It is especially disheartening to hear when other cities around the world have decided to do the opposite in this time of change.
They have taken the opportunity to rethink how space in our cities can be reallocated, giving more room to people walking and riding. By rebalancing like this they are setting themselves up for a future which is different (and hopefully better!) than the pre-pandemic world.
It doesn’t have to be expensive: just look at the many examples of pop-up walkways and cycleways appearing around the world.
I wish we had the courage to dream a little bigger and do the same. – Daniel Grilli
Cities around the would are taking the opportunity to improve cycling infrastructure, cycling stores in Adelaide have unprecedented demand,and the Adelaide council decided to reduce spending on our very modest cycling infrastructure? – David Sutton
Groan: ACC cuts to the bikeway extension and homelessness.
I get that homelessness is a more complex problem than meets the eye. But harming cyclists?
For goodness sake, how about obliterating the money going to outside “consultants”. That’s the first slash that ought to be made – given the expenditure is a tacit admission council staff can’t do their own jobs.
I’d love to see total account of credit card, seminar/conference attendance/entertainment/lunch/dinner expenditure and have a laugh and a good cry. – Robbie Brechin
Commenting on the opinion piece: Evidence of lockdown effectiveness is there if critics care to look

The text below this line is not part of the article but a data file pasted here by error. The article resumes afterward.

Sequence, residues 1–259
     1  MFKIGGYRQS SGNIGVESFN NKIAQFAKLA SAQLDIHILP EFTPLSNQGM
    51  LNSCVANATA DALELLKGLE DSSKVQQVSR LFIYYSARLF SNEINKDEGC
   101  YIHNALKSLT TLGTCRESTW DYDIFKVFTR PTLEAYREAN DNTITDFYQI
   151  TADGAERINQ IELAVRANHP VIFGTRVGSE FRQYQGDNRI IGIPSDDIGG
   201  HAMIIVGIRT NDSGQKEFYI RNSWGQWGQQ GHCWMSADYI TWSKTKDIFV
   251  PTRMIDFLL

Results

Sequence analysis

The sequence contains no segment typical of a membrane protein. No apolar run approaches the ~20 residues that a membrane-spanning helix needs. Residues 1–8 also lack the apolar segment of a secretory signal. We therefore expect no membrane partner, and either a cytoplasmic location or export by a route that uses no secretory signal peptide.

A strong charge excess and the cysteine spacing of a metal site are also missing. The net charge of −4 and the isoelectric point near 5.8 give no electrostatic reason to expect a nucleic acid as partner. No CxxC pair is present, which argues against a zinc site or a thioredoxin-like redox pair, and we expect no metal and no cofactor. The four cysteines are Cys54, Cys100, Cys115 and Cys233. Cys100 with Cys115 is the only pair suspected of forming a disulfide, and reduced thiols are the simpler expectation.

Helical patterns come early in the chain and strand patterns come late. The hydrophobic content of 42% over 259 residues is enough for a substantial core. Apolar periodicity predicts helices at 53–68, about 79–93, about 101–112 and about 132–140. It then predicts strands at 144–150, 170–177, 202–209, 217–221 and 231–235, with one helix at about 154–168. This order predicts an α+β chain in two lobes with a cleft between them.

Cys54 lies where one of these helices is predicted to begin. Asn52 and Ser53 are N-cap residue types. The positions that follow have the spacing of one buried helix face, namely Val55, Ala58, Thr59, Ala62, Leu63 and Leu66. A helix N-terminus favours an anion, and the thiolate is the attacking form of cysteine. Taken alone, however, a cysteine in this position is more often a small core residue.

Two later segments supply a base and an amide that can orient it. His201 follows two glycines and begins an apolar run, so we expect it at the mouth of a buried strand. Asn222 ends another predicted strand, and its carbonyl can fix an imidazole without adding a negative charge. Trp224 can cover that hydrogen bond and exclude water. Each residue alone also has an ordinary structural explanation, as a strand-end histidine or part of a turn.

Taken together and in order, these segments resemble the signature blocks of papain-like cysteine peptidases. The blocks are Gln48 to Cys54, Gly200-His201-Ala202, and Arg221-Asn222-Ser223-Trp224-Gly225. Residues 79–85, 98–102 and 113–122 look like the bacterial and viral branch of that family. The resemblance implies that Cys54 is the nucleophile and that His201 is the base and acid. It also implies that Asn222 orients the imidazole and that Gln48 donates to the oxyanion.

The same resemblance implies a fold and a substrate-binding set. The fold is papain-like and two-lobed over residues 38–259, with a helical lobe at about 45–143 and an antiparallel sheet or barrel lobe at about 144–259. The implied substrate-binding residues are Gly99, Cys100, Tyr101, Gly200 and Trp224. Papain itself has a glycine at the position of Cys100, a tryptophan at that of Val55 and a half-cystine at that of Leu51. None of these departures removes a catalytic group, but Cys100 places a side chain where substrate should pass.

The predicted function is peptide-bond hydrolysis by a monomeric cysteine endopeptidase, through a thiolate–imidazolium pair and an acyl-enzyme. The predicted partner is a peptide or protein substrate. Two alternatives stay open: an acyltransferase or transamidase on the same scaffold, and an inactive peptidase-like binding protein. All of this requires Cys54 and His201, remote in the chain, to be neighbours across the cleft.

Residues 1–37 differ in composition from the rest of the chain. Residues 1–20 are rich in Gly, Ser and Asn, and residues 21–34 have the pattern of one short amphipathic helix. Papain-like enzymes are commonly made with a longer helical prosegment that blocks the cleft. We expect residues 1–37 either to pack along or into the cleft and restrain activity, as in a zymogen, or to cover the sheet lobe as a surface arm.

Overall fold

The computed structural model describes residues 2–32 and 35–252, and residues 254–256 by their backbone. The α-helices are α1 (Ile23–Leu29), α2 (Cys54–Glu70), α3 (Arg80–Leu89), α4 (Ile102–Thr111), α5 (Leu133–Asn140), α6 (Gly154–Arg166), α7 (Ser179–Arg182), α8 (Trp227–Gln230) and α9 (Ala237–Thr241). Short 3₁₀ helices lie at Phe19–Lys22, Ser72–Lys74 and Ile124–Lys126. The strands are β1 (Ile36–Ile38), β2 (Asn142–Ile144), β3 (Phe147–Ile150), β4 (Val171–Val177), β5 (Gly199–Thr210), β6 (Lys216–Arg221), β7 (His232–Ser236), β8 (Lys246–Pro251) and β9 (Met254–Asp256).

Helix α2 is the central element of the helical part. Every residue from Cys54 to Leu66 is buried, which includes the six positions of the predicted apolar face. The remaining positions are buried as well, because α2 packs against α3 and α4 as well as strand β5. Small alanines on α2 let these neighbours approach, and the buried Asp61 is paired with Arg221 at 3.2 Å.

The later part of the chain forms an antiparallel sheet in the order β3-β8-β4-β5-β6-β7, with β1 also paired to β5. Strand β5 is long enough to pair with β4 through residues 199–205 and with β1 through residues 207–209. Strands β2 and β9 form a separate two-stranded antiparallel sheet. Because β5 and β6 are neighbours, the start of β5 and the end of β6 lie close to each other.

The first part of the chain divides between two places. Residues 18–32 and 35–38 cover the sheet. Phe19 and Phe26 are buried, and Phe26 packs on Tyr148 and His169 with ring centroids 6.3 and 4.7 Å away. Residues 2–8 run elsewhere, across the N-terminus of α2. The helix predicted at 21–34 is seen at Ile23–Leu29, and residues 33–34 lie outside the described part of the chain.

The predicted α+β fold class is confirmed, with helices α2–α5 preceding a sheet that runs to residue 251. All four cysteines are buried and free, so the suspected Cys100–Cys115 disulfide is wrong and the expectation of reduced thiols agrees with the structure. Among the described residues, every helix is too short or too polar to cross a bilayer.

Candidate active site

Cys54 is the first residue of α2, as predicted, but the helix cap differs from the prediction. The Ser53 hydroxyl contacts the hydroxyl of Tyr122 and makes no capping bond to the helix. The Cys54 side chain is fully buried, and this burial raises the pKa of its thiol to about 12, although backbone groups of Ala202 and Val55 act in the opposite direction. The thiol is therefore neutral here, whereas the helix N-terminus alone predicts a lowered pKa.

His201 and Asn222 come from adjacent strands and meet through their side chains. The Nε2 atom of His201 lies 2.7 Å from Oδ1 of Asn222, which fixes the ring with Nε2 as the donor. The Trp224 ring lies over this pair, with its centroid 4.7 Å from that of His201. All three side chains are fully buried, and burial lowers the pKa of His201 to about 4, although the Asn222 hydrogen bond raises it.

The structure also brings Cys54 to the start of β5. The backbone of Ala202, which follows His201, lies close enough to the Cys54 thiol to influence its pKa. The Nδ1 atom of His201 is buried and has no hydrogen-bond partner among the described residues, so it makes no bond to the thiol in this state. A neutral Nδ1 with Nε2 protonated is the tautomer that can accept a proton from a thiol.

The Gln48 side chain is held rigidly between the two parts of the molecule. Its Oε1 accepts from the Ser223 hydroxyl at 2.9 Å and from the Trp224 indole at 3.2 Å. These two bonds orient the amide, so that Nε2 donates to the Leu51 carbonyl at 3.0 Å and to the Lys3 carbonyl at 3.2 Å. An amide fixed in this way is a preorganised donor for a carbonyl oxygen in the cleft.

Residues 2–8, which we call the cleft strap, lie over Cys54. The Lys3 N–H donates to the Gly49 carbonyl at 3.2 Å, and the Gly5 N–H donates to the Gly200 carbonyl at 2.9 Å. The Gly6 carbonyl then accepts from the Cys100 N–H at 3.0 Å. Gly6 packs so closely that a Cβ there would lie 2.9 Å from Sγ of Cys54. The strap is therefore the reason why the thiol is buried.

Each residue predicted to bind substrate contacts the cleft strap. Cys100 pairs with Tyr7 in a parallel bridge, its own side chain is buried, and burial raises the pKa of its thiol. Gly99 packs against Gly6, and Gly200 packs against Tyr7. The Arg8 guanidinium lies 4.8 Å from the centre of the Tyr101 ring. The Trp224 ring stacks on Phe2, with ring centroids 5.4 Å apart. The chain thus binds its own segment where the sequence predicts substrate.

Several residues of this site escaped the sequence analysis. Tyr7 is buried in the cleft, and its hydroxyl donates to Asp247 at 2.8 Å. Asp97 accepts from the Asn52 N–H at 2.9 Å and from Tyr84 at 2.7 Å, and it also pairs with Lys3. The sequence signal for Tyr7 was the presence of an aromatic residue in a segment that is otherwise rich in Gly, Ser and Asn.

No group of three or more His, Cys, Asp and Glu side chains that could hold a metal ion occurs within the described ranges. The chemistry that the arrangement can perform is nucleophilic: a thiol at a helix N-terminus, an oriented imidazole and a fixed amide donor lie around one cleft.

Although there is no ‘gold standard’ for the management of a pandemic, as there cannot be controlled trials, there is abundant evidence to support early lockdown in limiting the initial spread of the disease.
The naysayers probably wouldn’t support the approval of random mass shootings, but allowing infected individuals to wander through the community seems a very similar activity.
It is just as much my civil right to be protected against such random threats as open exposure to a virus, as it is to be protected against random attacks of any type.
We lock up perpetrators of random killings, but just admonish and fine those who threaten my life and health during this episode.
I resent my rights being infringed by those who willingly attempt to infect me with their illness. – John Taylor
Want to comment?
Send us an email, making it clear which story you’re commenting on and including your full name (required for publication) and phone number (only for verification purposes). Please put “Reader views” in the subject.
We’ll publish the best comments in a regular “Reader Views” post. Your comments can be brief, or we can accept up to 350 words, or thereabouts.
Local News Matters
Media diversity is under threat in Australia – nowhere more so than in South Australia. The state needs more than one voice to guide it forward and you can help with a donation of any size to InDaily. Your contribution goes directly to helping our journalists uncover the facts. Please click below to help InDaily continue to uncover the facts.